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How satellite data enhance tractor-trailer uptime

May 31, 2024
Satellite data can help navigate between too much and too little maintenance and keep trucks on the road longer and in better shape.

Performing maintenance on equipment that doesn’t need it is a waste of time and money. It also takes assets off the road that could be earning money for your company. On the other hand, deferring maintenance for too long risks wasting even more time and money. What’s a fleet manager to do?

The answer may be right over your headabout 1,200 miles over it, to be specific. That’s the altitude where low-flying satellites circle the Earth. One of the most valuable things they do is send and receive small bursts of data that can help you navigate between too much and too little maintenance and keep your trucks on the road longer and in better shape.

Data tells the story

A 2023 study by Penske found that more than half of large and medium-sized fleets are using telematicsonboard sensors and systems that do everything from GPS tracking to monitoring of fluid consumption, engine runtime and tire pressure. For small fleets, the numbers are smaller but still substantial: about 37% of are using them.

Using data from these telematics systems, fleet managers can schedule maintenance based on actual usage and performance per vehicle instead of on the calendar. The savings can be dramatic. One fleet of 50,000 food and beverage trucks used telematics data to turn $50,000 cylinder-head failure catastrophes into manageable $3,000 repairs. With those failures affecting 80 trucks on average, the fleet saved $1 million in just four months.

Most trucking telematics systems use cellular to send and receive the data that keeps fleet managers informed about performance and usage. But as anyone who drives long-haul can attest, cellular isn’t available everywhere. According to the Federal Communications Commission, 16% of America’s land area has no LTE service. These are the wide, open spaces far from cities and interstate highwaysbut where people live and businesses need to receive, warehouse and ship goods.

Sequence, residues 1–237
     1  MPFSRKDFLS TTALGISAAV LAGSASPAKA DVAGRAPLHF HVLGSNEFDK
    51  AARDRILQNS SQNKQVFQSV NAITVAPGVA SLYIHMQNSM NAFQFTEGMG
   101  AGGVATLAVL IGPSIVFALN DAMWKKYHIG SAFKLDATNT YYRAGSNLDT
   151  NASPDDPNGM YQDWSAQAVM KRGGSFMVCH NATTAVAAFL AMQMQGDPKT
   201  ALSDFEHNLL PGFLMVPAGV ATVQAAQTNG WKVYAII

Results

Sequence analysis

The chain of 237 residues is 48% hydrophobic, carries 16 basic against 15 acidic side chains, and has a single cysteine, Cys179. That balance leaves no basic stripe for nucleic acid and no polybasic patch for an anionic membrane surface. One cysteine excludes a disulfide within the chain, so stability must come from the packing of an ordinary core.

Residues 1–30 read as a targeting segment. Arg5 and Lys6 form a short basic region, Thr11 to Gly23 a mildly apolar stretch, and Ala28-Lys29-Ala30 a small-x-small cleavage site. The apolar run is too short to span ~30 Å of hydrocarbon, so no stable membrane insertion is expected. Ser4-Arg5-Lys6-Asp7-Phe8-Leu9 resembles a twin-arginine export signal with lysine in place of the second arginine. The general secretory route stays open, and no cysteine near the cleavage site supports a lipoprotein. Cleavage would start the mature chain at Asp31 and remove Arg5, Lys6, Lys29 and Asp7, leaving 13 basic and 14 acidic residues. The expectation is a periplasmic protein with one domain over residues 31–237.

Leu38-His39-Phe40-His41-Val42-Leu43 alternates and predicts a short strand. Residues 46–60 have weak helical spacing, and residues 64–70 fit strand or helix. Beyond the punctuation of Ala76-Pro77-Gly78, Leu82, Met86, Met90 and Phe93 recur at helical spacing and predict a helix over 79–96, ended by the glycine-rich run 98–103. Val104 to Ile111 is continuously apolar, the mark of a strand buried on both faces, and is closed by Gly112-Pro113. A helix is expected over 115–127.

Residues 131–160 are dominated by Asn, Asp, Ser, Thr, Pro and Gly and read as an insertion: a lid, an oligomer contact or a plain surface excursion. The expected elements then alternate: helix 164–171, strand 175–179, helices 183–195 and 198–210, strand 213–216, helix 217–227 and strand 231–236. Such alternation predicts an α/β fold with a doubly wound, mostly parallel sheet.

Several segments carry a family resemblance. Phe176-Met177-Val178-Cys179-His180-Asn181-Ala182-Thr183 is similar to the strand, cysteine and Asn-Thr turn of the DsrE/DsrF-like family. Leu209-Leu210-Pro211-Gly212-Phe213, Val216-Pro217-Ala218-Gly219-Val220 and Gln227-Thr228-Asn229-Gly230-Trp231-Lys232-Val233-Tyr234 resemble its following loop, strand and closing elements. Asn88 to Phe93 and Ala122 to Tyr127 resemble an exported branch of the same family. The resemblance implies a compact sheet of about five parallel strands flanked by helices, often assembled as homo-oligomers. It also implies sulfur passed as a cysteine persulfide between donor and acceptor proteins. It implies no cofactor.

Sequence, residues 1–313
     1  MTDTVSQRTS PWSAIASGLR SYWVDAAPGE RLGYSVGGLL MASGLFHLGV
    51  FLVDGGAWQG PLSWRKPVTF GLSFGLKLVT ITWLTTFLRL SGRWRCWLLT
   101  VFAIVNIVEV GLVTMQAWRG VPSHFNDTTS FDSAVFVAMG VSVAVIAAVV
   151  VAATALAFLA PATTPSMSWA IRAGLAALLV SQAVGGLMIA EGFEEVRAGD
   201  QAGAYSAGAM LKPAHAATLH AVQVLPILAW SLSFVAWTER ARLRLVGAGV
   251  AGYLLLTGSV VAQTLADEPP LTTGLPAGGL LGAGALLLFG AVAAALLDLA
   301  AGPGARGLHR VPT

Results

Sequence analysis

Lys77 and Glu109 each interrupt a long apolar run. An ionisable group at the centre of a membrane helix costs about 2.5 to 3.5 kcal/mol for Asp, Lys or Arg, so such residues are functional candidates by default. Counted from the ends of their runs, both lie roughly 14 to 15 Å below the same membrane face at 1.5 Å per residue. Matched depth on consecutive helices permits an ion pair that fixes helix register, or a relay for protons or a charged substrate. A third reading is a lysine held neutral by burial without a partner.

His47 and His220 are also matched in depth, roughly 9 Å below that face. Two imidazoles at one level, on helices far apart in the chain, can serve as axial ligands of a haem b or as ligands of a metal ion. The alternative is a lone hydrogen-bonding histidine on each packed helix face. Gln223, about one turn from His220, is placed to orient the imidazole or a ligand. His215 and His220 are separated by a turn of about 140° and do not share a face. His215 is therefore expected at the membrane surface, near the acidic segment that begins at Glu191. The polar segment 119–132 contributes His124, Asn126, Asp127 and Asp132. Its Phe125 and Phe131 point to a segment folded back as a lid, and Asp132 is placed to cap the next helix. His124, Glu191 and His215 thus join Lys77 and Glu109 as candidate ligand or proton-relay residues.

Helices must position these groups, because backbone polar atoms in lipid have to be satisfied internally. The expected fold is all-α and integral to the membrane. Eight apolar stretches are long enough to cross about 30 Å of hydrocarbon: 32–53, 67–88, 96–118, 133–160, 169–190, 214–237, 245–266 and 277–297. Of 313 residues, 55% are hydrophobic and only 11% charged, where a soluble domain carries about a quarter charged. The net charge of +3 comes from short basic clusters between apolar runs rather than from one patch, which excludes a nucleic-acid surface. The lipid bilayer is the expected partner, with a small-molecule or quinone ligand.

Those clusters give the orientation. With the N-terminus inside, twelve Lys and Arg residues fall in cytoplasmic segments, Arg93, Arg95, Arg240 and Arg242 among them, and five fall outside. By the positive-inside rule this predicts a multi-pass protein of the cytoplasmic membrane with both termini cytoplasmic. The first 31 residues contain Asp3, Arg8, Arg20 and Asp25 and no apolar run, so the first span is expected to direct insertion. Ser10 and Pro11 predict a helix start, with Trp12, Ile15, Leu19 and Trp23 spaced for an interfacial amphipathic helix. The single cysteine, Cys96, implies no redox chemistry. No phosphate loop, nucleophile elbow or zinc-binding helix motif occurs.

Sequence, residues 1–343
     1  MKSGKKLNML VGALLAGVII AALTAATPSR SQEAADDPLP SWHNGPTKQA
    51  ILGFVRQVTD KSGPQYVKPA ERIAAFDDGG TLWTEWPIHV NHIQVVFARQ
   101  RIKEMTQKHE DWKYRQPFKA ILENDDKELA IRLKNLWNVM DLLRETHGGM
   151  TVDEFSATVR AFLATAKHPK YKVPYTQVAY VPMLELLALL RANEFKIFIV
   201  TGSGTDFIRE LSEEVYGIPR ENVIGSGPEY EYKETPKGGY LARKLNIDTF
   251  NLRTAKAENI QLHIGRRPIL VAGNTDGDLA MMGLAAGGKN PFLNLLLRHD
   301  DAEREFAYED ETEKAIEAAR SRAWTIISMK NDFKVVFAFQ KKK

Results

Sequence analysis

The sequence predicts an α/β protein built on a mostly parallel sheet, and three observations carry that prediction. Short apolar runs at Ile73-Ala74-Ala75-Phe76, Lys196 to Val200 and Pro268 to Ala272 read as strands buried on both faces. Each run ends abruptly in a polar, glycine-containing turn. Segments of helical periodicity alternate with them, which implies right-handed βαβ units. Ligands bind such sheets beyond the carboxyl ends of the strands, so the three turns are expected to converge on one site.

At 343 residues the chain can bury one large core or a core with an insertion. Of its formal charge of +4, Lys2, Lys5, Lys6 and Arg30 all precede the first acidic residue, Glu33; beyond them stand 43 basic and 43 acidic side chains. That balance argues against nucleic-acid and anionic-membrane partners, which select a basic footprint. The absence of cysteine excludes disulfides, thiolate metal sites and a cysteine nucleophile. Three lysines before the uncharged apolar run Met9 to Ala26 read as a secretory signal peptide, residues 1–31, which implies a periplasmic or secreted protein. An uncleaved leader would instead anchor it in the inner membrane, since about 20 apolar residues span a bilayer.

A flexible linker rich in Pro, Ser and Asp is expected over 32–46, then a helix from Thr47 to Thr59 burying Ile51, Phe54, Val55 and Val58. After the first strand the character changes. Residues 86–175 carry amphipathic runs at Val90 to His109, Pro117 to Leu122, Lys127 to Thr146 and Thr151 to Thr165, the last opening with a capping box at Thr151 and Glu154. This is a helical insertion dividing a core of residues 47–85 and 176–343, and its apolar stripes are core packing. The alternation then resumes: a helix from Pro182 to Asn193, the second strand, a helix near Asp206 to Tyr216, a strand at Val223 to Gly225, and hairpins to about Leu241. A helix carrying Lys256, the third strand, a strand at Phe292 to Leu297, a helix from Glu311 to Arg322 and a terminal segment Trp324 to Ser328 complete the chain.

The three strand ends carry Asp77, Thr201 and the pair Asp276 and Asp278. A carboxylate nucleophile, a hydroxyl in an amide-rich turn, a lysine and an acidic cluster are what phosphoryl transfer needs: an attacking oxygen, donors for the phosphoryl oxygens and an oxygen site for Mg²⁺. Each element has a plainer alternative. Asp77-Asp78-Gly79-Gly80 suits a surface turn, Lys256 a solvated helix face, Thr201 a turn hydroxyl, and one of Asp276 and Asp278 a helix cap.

For connectivity that goes everywhere, satellite is the best solution. The common perception is that satellite connectivity is expensive, finicky and unreliable. That might have been partly true in the past, but it is old news today. Satellite services have specialized into internet access, imaging, GPS tracking, and short data messaging. A satellite transmitter the size of a quarter can now be embedded in a telematics system and deliver 3 daily data updates from almost anywhere in the world for one-half cent a day.

Trailers need maintenance too

On any given day, there are nearly 4 million Class 8 big rigs on North American roads, and an average of 2-3 trailers for every one of them. Those trailers need maintenance, too, but they have no independent engine or systems to monitor. A company in Canada, TGI Connect, provides a solar-powered GPS satellite tracker for attachment to trailers. The small device has a 10-year life, is recharged by the sun and has enough onboard intelligence to transmit an alert if it detaches from the trailer. It transmits GPS coordinates over satellite on a schedule determined by the customer.

Using the location data of trailers in motion, TGI generates accurate estimates of trailer mileage. Its cloud-based software alerts customers when that mileage approaches maintenance milestones they have set in advance. The data persuaded one customer that it was performing maintenance on trailers twice as often as needed. With each maintenance session consuming an average of $750 in lost billable time, cutting maintenance activity in half generated meaningful savings.

That simple piece of dataexact GPS coordinatescan contribute to operational improvements for fleet managers in so many ways. It can cut the time it takes to match trucks to trailers, reduce the number of owned and rented trailers a fleet needs to keep on hand, and turn trailer detentions into profit centers. Satellite-connected telematics systems can do more than monitor the truck: in remote areas beyond the reach of cellular, they can prevent crimes of opportunity such as theft of fuel or cargo. Like any good technology, once you adopt it, you discover all it can do for you that you never imagined possible.

About the Author

Martin Jefferson

Martin Jefferson currently serves as the Commercial IoT Data Services Manager for Globalstar. With over 30 years of experience as an experienced senior technical sales

executive, Jefferson helps drive the satellite IoT business for the brand and acts as key liaison for Globalstar’s Value Added Manufacturers and Resellers.

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